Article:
The vector nature of the output becomes evident in this shot of the output as seen on an analog oscilloscope. When in X/Y mode, an analog scope, as opposed to a digital, shows areas where the beam stays longer as bright dots – in this case the endpoints of each vector. On the scope screen, movement between endpoints is so fast that the beam is not clearly visible between endpoints (at 8000pps, the beam dwells at individual points for 125ms). Some points visible here would not be visible in the projected image since the blanker would turn off the beam between these points.
This laser light show controller is built on a dsPICDEM Starter demonstration board which features a 30F6012 MCU and a connector for an ICD-2 debugger module. Additional required circuitry includes two 14-bit DACs – Analog Devices AD7840 parallel DACs were chosen – which are mounted on the prototyping area on the board. These DACs require bipolar (-5V and +5V) power supplies and have a full-range output swing from -3V to +3V which is a good match to the GSI-Lumonics driver board used for the galvanometers.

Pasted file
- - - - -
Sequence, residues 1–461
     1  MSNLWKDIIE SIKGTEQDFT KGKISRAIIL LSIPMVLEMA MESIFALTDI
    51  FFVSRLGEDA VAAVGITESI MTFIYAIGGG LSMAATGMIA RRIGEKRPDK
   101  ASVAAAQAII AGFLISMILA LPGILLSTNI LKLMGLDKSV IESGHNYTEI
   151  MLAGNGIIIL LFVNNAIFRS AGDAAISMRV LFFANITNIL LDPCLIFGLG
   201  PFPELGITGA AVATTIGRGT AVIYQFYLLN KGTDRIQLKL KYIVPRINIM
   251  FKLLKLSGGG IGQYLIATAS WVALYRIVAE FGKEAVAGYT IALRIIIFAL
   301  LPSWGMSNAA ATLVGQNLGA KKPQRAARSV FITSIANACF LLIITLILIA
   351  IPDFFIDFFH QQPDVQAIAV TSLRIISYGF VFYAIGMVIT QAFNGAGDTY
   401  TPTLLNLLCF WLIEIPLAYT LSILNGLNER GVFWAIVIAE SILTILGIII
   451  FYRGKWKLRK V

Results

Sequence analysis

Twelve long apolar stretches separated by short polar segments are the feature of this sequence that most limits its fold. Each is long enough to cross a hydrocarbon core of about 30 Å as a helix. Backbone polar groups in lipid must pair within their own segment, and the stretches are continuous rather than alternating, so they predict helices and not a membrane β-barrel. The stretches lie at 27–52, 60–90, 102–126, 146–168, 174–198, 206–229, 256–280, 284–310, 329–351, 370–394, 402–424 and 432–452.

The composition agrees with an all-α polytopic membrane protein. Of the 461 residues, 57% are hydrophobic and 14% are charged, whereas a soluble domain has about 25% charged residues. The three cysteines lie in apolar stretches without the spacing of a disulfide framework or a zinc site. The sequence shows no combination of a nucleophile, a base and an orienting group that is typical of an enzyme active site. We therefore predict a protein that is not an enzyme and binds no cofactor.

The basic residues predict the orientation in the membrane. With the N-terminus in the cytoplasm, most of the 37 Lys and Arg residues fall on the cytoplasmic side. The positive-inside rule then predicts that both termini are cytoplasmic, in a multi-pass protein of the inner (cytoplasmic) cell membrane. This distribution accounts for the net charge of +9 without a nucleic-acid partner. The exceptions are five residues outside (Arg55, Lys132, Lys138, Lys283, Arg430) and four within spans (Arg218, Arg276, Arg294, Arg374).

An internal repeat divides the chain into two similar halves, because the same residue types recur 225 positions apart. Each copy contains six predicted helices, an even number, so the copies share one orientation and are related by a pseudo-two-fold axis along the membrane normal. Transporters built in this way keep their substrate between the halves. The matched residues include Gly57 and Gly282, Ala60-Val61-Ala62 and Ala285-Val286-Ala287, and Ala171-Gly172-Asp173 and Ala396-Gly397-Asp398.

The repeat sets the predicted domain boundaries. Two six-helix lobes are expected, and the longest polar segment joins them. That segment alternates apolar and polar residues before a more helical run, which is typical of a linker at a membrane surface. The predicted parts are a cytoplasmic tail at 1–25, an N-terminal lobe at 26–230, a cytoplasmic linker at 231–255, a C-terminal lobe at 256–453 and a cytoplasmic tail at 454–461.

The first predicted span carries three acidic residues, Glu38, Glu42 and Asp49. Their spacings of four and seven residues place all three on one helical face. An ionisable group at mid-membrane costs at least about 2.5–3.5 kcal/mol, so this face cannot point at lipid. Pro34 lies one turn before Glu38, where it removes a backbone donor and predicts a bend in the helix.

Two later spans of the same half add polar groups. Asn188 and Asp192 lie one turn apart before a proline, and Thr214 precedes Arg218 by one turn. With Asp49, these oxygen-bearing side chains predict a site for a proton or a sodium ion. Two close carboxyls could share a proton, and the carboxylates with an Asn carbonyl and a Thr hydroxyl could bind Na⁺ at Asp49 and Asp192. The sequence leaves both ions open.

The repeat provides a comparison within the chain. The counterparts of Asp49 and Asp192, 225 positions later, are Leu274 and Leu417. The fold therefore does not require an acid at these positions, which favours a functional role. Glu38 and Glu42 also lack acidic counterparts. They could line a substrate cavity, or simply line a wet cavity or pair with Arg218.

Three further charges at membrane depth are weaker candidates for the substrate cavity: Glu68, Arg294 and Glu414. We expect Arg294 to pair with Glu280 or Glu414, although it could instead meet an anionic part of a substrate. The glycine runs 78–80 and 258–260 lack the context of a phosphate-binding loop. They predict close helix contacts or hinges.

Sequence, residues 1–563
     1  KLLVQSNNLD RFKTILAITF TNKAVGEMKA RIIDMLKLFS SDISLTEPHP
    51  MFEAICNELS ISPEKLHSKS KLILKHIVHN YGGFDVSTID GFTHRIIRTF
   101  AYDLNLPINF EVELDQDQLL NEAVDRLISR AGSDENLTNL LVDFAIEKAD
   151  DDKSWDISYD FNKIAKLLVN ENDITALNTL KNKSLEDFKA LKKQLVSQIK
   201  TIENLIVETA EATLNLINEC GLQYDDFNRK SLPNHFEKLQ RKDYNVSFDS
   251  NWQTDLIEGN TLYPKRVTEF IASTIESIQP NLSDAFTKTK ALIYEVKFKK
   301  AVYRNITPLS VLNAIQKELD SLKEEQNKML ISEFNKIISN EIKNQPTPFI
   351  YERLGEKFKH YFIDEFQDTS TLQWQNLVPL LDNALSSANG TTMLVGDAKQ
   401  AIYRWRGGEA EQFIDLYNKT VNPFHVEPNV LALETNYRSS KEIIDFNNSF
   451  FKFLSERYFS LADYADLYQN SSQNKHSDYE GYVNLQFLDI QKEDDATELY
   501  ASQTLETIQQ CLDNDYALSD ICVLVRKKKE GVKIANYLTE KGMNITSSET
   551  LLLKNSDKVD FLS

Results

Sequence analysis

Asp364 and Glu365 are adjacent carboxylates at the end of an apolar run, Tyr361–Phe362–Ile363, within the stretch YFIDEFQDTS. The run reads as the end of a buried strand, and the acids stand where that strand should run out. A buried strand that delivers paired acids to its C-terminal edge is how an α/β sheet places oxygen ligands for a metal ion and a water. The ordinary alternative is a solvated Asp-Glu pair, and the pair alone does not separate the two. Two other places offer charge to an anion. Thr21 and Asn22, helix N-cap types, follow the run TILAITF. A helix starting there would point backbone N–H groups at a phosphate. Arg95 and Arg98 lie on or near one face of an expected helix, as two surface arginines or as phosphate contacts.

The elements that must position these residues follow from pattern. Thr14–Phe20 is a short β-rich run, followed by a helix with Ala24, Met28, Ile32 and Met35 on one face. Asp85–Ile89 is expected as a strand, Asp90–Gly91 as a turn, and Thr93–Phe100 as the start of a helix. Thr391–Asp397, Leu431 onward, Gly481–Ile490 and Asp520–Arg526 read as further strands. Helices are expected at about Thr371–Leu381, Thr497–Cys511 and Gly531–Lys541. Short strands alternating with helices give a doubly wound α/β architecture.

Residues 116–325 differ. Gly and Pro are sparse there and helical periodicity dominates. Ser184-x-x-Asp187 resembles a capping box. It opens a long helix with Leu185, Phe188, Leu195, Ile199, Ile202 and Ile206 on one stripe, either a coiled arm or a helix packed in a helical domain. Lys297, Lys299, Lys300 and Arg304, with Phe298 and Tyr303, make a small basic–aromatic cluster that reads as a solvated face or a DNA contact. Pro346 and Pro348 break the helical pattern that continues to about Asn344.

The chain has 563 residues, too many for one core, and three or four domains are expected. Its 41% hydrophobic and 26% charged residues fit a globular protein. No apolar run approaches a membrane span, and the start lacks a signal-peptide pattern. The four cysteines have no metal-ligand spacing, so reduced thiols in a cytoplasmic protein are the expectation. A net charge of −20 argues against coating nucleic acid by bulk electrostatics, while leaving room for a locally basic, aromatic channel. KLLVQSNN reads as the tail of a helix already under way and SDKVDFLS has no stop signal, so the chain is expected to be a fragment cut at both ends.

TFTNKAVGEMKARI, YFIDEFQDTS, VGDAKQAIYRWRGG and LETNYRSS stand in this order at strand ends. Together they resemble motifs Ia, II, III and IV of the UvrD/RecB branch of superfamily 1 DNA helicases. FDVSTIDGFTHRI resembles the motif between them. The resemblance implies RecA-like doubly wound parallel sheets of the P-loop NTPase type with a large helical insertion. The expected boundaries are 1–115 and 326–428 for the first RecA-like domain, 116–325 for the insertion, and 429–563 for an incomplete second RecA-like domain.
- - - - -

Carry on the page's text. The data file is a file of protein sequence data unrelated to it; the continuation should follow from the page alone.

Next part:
In order to simplify the wiring of the DACs, the fourteen data lines (D0 through D13) are wired to pins RB2 through RB15 on the 30F6012. RB0 and RB1 were unavailable since they are pre-wired on the board to the ICD-II debug connector (this was also the reasoning to use a 14-bit DAC … aside from the fact that 14 bits of resolution are more than enough for the task). Data lines on both DACs were wired in parallel with the control wiring for each DAC (/CS, /WR, and /LDAC) wired to unique I/O pins on the chip. Independent control lines allow both DACs to be updated simultaneously if required.